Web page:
Moving on, then:how do we go about organizing our keyphrase “seed” list so that the keyphrase variations produced through Google’s keyphrase research tool can be prioritized and filtered? A great way to start is to open an Excel spreadsheet document:

  • First, create a tab labeled “Keyphrase Seed List.” Review your initial Google keyphrase research results and list those keyphrases that are applicable to your business.  (And eliminate those keyphrases that are not, altogether.)
  • Insert the average search volume in the cell next to each applicable keyphrase.
  • Now, in the next cell, rank how important each keyphrase is on a scale from 1 to 5, with “1” being the most important.
  • TA DA & Congrats!  You’ve now generated your initial keyphrase seed list!

Okay!  Now we’re organized and have our initial, killer keyphrases prioritized, 1 thru 5.

Next comes the process of keyphrase filtering, which may best be described as What to do when.”

1. Two keywords accurately describe a product or service, such as “laptop” and “notebook,” or “automobile” versus “car?”  It is possible to use both variations of a search term on alternate pages, such as “laptop” on some pages and “notebook” on others, especially if you find that people are searching for both terms in equal numbers.  However, if the average search volume for one of the two alternate terms in very low, go with the more trafficked term.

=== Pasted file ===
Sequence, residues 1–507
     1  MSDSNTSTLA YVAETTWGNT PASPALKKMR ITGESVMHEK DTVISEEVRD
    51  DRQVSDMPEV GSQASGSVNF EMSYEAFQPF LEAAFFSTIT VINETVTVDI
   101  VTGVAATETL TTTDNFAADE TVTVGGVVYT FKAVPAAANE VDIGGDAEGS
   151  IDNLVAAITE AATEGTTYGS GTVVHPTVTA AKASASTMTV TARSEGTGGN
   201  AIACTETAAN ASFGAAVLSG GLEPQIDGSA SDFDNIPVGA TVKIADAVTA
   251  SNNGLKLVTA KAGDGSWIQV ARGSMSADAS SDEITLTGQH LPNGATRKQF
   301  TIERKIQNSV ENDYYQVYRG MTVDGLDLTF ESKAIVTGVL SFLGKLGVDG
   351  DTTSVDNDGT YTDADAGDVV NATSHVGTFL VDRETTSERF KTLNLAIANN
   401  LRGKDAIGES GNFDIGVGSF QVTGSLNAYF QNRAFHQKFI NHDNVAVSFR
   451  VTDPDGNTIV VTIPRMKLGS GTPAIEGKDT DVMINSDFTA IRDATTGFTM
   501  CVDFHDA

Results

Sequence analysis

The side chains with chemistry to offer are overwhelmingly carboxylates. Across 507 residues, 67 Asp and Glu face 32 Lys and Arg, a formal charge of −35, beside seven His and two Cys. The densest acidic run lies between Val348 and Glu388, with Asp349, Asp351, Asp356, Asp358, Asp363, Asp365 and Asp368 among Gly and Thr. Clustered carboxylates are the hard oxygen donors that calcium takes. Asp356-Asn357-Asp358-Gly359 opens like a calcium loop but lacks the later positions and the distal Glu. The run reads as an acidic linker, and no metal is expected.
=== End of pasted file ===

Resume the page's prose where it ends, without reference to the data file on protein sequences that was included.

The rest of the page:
2. People don’t search for your branded service/product name? This is a big problem with e-commerce retailers. They may have a product that’s a “plastic osmosis liquid miracle,” when what the product really is — and what most people would be searching for — is a “water bottle.”

If your branded product names aren’t searched upon, then try to associate them with keyphrases that people are actually more likely to use to describe your product. In our water bottle example, let’s simply splice the brand name with the winning keyphrase to create: “plastic osmosis miracle water bottle.” That allows you to keep your branded term, while combining it with a term that people are far more apt to search upon.

3. You want to use a product make/model as a keyphrase? Great!  Once people get to the tail end of the buy cycle, they will indeed be searching highly specific terms.  Use those specific make/model keyphrase on your products page!